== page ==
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Child protection experts fall short of calling for the shutting down of sites such as Bebo and YouTube, which they say have had a huge positive influence in the lives of young people. Instead, they say that education is the best way forward.
Detectives who police the web are keen to point out that the majority of the graphic images they encounter appear on illegal sites run by paedophile networks, and that the worst thing a parent could do is literally to "pull the plug" on their child's computer.
Notwithstanding the potential risks, the internet has transformed the way children and teenagers spend their free time.
In particular, the popularity of social networking sites has expanded massively over the past year. More than 60 per cent of British 13 to 17-year-olds now are members of these "buddy clubs", which are free to join and therefore within the reach of children from every social sphere.
They are an instant way of keeping in touch with existing friends, relieve boredom and enable young people to share life experiences, as well as the trials and triumphs of growing up, with each other.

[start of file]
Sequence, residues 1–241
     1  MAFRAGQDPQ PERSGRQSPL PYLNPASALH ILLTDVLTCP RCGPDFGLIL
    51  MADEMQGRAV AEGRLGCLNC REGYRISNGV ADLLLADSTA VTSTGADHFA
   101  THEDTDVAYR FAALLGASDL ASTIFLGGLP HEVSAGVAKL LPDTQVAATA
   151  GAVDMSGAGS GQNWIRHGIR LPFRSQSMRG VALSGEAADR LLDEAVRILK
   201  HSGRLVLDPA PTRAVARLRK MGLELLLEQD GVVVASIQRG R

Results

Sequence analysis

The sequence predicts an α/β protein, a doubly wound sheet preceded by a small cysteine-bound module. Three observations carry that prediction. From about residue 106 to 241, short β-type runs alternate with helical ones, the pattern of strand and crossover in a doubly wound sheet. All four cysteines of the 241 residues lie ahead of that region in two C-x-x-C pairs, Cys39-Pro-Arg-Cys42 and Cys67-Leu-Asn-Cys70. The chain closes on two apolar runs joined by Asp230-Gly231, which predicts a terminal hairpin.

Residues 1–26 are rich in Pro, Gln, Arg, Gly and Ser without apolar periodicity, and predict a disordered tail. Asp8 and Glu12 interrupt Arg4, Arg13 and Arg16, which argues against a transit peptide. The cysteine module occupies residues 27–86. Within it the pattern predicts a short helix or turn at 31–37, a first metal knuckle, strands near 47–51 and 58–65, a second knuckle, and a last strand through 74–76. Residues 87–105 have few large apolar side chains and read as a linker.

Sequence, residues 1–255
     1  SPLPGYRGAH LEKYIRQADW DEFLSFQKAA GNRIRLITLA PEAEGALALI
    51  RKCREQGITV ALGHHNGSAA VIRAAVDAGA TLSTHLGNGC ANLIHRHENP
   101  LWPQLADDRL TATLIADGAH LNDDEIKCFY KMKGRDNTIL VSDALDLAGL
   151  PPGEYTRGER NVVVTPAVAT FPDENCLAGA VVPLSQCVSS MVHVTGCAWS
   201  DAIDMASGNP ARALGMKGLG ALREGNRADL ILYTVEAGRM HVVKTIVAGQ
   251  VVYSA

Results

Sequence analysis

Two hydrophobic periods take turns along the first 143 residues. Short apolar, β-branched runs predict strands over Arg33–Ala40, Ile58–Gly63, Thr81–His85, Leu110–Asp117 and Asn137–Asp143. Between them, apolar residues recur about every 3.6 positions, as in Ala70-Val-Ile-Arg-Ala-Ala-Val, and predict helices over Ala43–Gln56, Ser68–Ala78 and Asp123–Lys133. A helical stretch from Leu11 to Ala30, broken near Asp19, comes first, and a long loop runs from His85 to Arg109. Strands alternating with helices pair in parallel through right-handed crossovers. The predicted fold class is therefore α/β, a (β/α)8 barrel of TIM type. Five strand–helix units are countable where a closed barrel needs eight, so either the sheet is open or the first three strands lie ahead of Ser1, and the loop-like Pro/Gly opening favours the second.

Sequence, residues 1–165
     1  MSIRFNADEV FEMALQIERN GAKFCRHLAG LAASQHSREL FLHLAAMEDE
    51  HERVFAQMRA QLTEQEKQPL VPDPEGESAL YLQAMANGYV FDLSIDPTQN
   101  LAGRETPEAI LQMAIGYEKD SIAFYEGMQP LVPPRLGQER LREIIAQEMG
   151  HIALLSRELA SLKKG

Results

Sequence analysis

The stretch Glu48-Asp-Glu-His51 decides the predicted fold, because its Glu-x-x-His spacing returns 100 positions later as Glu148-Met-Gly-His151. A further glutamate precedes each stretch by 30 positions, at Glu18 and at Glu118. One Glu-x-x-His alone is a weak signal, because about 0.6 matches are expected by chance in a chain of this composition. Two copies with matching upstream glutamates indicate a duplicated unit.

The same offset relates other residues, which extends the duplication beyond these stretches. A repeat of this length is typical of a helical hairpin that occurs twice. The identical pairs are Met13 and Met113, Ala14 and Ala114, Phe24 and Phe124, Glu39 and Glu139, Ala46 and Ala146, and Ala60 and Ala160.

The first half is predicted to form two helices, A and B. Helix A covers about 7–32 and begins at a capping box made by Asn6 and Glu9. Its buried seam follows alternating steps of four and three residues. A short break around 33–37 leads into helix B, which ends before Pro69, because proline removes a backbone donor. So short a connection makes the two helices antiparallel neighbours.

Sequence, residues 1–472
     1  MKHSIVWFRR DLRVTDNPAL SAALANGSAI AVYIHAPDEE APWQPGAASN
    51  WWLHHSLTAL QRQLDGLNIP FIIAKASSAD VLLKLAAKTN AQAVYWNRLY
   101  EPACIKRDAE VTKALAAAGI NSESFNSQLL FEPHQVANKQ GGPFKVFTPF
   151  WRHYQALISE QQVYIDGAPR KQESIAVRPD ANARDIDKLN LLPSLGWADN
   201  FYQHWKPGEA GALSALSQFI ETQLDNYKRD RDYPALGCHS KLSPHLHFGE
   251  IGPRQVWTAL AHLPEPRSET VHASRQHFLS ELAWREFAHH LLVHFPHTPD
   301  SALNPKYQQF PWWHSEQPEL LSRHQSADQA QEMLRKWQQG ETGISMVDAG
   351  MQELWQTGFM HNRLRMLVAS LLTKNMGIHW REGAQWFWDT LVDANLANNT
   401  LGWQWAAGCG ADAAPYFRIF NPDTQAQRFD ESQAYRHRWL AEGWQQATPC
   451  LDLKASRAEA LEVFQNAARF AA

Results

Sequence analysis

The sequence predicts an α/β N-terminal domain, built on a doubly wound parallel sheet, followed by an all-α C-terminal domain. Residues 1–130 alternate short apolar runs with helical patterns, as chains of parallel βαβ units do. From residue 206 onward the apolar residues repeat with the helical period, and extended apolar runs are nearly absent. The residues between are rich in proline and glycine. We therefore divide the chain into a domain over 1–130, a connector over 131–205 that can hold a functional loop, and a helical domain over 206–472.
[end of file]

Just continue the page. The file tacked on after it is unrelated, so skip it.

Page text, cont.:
According to Google, the British spend more time on the internet than watching television and experts point out that the web is an excellent way for children to communicate and preferable to staring mutely at a television screen.
However, others say the internet was built without proper thought to security issues. James Reynolds, the former head of the Anti-Paedophile Unit at Scotland Yard, warned that recent cases involving the web and child abuse are not just one-offs.
"Children nowadays are far more technologically aware and know no fear. But they are not that smart when it comes to life's rich tapestry. They have to be reminded that they can be vulnerable online."
The companies that market their friendship sites to children and teenagers say they take the matter of child protection "very seriously".
Matt Colbourne, the chief executive of the youth community site Lunarstorm.com, said: "Industry needs to drive change. It is in our commercial interests to ensure that, as far as is possible, our users are kept safe from harassment and from the attentions of sexual predators."
For Claudia Green, the experience of being targeted by a web abuser is one she will never get over.
"Now I don't accept anyone whose address I don't recognise unless they've told me they're going to add me," she says.
"The guy who targeted me had no idea who I was. I could easily have been a 10-year-old."
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